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Skill Level Beginner
Email certainly has advantages and disadvantages. We need to understand how to use it as a serious business communication channel. As you're writing email, consider these questions. Is email the best method for this message? How confidential is the content in the message? Is your subject line clear so the reader will actually read the email? Will your reader pick up your intended tone? So first, be sure to analyze if the message really needs to be sent, or would face-to-face or a phone call be a better channel choice.
If the answer is yes, email is the best channel, then the same thought and care need to go into preparing email messages as would go into a message being sent any other way. One big paragraph, elementary writing style, "Hey, my name's Sue and BTW I'm an employee "at MXY company and we're just wondering if you "have any information to send up ASAP on TRS "systems that we are considering adding and "if so Txs in advance." What was the person thinking, or apparently not thinking, when sending that message? This message gives a much more professional image of the sender.
Subject line, "Inquiry about TRS Systems." "Please send us all available information on the "TRS Systems by the end of the month. "Our committee is considering adding "this system to our company. "Thanks." The next concern is how confidential is email. A good guideline to follow is this. If you wouldn't want to see the message posted on the company bulletin board the next morning, don't send it. In other words, it isn't confidential. Equally important to remember is that it's much more permanent than we might think.
Hitting that delete button does not mean the message is gone. It can be retrieved, and frequently is. Also consider the ease with which messages can be forwarded, without the sender's knowledge or permission. Or have you ever thought about how easy it is to write a message in haste or in anger, and with a knee jerk reaction, hit the send button, only to calm down 30 minutes later and wish you hadn't sent it? Then think about who can view your messages. One recent study indicated that 75% of companies monitor their employee's email, and in very few states does the company have to tell the employees that they're being monitored.
Now think about when you open your email, how do you decide which message you will read? If you're like most people, you look at the sender's name, and then at the subject line. If you don't know the sender, and no subject line or an incomplete one is given, you probably delete the message. So the subject line is crucial in determining if the message will be read. Which of the following would be an effective subject line? Procedure. Job procedure. Advertisement procedure. How to fill job openings faster.
New job advertisement procedure to fill openings faster. Obviously, just the one word procedure could be one of many in the company. Your chances are, when the reader saw a job or advertisement procedure, he might say, "I know what the job advertisement procedure is," and not read the email. See how important the words "new" and "to fill openings faster" are? Or what about that email message that replies to a reply to a reply? Or is forwarded FYI, and contains a series of messages.
Here's an actual example of an email series that resulted in, "Well, you decide what the problem is." This series is between my support staff person in the computer department after I sent the department support person this message. It sounded polite and innocent to me. "Could I please get a permanent mobile cart "assigned to room 417? "Thanks." But here's what happened next. My support staff sent a message to the tech department. "Do you assign mobile cart to the classroom? "Judy has requested to have one assigned "to room 417.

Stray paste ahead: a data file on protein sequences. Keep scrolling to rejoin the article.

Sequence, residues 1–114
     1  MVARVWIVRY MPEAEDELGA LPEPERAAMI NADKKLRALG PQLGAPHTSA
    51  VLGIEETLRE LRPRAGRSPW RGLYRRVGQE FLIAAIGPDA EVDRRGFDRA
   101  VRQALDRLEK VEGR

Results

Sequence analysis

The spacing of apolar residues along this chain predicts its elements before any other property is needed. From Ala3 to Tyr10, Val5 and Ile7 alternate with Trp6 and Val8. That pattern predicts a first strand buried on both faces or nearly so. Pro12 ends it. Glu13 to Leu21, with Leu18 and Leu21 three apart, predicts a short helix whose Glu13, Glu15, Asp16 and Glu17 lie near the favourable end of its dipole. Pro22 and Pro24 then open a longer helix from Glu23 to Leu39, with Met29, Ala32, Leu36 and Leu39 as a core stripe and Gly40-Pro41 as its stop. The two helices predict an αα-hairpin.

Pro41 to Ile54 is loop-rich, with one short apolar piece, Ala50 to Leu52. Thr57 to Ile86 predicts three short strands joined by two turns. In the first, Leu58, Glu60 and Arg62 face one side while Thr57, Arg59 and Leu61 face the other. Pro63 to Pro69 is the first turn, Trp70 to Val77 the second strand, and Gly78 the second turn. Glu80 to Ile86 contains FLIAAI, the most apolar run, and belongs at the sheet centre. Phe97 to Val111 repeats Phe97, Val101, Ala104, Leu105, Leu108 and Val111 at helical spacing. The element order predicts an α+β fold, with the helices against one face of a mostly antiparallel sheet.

"Please let me know." Tech reply. "This isn't our classroom. "It's a Yooitz classroom. "There should be one in the room, "but you might have her double check." My support staff to me. "Judy, you might want to double check "the room and if, in fact, you do not have "an overhead, I'll check with Yooitz." My response. "I'm 100% certain that there wasn't one "in there today, at least not before I left at 12:30." I still thought I was being tactful, since what I really wanted to write was, "Do you think I would've seen it if it had been there? "It's a large cart." But I refrained.
Support staff to tech department. "Could we please find out while there's not a "mobile cart in room 417 because there should be. "Judy is upset that one isn't available. "If you have any further questions, "please let me know." Do you think I sounded upset in my previous message? Maybe my suppressed tone wasn't as concealed as I thought it was. The rest of the story? I immediately, personally sent a message explaining why I needed a cart on a permanent basis, that I understood there aren't enough carts for every room, and that I wasn't upset.
Hindsight? I should've walked down one floor and asked directly, face-to-face. Too much time was wasted sending that series of emails. Another takeaway from that example is that the writer's tone does not convey well in emails. So although email is quick, and the reader has access to it anytime, the writer does have to consider if email is the correct channel, especially if it contains confidential information. The writer needs to ensure the subject line is clear, so if the reader immediately knows the message's purpose, and finally, the message should have a courteous tone.
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